Return of the Juday

Pepe Diokno (The Philippine Star) - May 25, 2013 - 12:00am

MANILA, Philippines - Judy Ann Santos enters a room full of press people as if she’s meeting family. “Hi!” she calls out to one journalist, with a smile on her face from ear-to-ear. Wearing a form-fitting green gown, she crosses the room and gives a journalist a big hug, and then rubs a woman on her back with her right hand.

We’re inside the ABS-CBN studios, where the network has arranged a shoot to launch Judy Ann’s new soap opera, Huwag Ka Lang Mawawala. A handful of press were invited to witness the 35-year-old actress record promos for the show, which begins airing next month.

“This is Juday’s big comeback,” blares a voice from the studio speakers. An ABS-CBN employee has commandeered the microphone to shepherd the mediamen who have assembled. “The ‘Young Superstar’ returns to primetime for the 60th anniversary of Philippine television!” he says.

Judy Ann turns her head and grimaces. The title makes her uncomfortable — “Young Superstar” — a catchphrase in the same vein as “Superstar Nora Aunor!” and “Vilma Santos, Star for All Seasons!” Showbiz.

“First of all, I’m not young!” she tells me, laughing, after I ask her how she feels about the tag. “It’s flattering and I appreciate it, but the truth is, there’s no other superstar but Nora Aunor. I don’t think I can own the title because I haven’t reached even a fourth of what Ate Guy has achieved.”

But Judy Ann Santos is a rare gem in show business. Acting since she was eight years old, she has survived 27 years in an industry in which careers can be made and lost overnight. When she was 14, she starred in Mara Clara, the longest running soap opera in ABS-CBN history. She has acted in and produced hit movies, anchored her own drama anthology, hosted a cooking show, and even played a primetime superhero.

On top of all this, Judy Ann Santos is one of the most level-headed women you will ever meet.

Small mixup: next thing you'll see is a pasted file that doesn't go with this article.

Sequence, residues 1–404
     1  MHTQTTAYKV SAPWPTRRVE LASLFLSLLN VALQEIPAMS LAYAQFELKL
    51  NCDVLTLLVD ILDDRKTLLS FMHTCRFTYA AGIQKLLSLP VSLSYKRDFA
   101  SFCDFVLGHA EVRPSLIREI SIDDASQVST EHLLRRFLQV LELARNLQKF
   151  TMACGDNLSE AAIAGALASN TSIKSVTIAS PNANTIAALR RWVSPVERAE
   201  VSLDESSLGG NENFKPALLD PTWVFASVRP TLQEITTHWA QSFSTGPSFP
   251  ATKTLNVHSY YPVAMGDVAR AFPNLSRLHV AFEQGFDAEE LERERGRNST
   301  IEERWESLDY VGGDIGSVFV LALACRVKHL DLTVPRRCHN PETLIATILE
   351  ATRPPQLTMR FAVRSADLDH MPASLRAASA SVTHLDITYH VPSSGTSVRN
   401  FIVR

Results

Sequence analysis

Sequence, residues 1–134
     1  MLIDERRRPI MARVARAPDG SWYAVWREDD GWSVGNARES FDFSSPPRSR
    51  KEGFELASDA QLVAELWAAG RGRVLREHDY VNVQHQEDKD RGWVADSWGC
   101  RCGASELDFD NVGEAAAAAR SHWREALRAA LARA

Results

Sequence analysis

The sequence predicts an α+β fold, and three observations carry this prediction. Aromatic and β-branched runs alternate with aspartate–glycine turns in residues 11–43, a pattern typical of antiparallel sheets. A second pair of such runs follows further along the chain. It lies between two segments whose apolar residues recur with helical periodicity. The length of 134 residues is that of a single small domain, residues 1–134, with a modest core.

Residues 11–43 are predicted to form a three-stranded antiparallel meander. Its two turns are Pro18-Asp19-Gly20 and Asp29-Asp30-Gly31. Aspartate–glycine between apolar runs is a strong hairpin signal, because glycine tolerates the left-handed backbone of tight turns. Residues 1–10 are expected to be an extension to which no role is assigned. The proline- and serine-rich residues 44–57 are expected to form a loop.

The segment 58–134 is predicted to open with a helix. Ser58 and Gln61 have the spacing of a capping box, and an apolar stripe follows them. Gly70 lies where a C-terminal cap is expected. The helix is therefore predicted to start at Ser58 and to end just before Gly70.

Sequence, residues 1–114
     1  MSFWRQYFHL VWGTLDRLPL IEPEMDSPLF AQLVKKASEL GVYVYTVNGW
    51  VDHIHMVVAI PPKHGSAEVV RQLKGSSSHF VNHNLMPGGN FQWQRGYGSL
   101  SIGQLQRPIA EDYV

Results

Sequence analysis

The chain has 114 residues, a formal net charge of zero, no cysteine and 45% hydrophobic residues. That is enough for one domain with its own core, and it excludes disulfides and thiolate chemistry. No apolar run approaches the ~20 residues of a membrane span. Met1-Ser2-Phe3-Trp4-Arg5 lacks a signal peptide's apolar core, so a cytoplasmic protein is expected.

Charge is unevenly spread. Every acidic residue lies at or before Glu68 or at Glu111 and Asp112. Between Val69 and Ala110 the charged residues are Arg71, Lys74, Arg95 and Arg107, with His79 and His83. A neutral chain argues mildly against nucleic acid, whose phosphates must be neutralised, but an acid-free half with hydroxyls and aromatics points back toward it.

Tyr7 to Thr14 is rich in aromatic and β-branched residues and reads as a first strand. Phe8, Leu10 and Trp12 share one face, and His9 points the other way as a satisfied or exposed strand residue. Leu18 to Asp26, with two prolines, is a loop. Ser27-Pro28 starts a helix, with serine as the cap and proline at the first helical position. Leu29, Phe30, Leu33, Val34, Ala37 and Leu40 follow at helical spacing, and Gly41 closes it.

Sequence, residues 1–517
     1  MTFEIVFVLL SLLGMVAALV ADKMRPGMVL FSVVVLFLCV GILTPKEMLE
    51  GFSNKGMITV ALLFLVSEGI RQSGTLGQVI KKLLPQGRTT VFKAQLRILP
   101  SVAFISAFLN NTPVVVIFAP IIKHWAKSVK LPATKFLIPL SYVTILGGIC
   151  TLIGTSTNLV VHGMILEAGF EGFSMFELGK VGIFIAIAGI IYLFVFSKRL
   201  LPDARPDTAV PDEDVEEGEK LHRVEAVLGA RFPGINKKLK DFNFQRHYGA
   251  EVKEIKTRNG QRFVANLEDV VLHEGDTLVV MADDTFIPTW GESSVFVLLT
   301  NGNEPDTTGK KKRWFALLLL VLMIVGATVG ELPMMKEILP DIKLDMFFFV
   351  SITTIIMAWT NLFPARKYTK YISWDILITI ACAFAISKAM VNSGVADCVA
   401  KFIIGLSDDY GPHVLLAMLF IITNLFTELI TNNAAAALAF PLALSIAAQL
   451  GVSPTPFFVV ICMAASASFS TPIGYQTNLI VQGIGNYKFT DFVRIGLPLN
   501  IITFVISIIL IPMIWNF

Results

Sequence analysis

“I’m nervous,” she tells me on the sidelines of the shoot, after slapping me on the knee. “Tito Boy (Abunda) gave me a book called The Power of An Actor. It’s about method acting. I read it when I’m on set, because it’s my first soap in three years, so may kaba — there’s that nervousness.”

It takes true strength to admit fear, and perhaps this is the secret of Judy Ann’s success. From the titular orphan in the TV series Esperanza to the vengeful ex-nun in Sabel, to the hardworking country lady in Ploning, Judy Ann Santos has been one thing — a strong woman playing strong female characters.

In Huwag Ka Lang Mawawala, Judy Ann plays a wife who has been pushed to her limit. “The story is I’m looking for my child, who’s been taken away from me. To find him, I have to redeem myself and re-introduce myself to my child.” The trailer for the series features Judy Ann’s character, Annisa, pointing a gun at her abusive, cheating husband, Marcus, played by Sam Milby.

“When they presented the soap to me, they said it was about woman empowerment,” Judy Ann tells me. “From there, they got my attention, because when you watch the news today, you see what’s being done to women — it makes you sad. It makes you ask yourself, ‘How can I contribute to waking women up? To show them that they can actually defend themselves against people who hurt them?’”

The man on the studio speakers calls out Judy Ann’s name. “We need Juday on the set!” he shouts. She pats me on the arm and excuses herself, and then walks toward a makeshift red carpet surrounded by bright lights. She is instructed to walk down the red carpet and smile at the camera, which she accomplishes in one take.

A minute later, and Judy Ann is back beside me, sitting on a monoblock chair, still dressed in her green gown. “Sorry about that,” she says, smiling. I turn my recorder on, and begin our interview. I ask her about her career, her legacy, and about keeping sane in a business that is anything but.

Your characters are mostly underdogs, ever since your first television role in Ula, Ang Batang Gubat in 1988. Why do you think Filipino audiences are so attracted to underdogs?

I don’t know. Filipinos, I guess, connected to those who are most pitiable. People can relate to characters who are oppressed because we live in a country where most people are poor, and these people experience a lot of problems. Teleseryes reflect realities in the masses’ lives, or in the lives of people they know.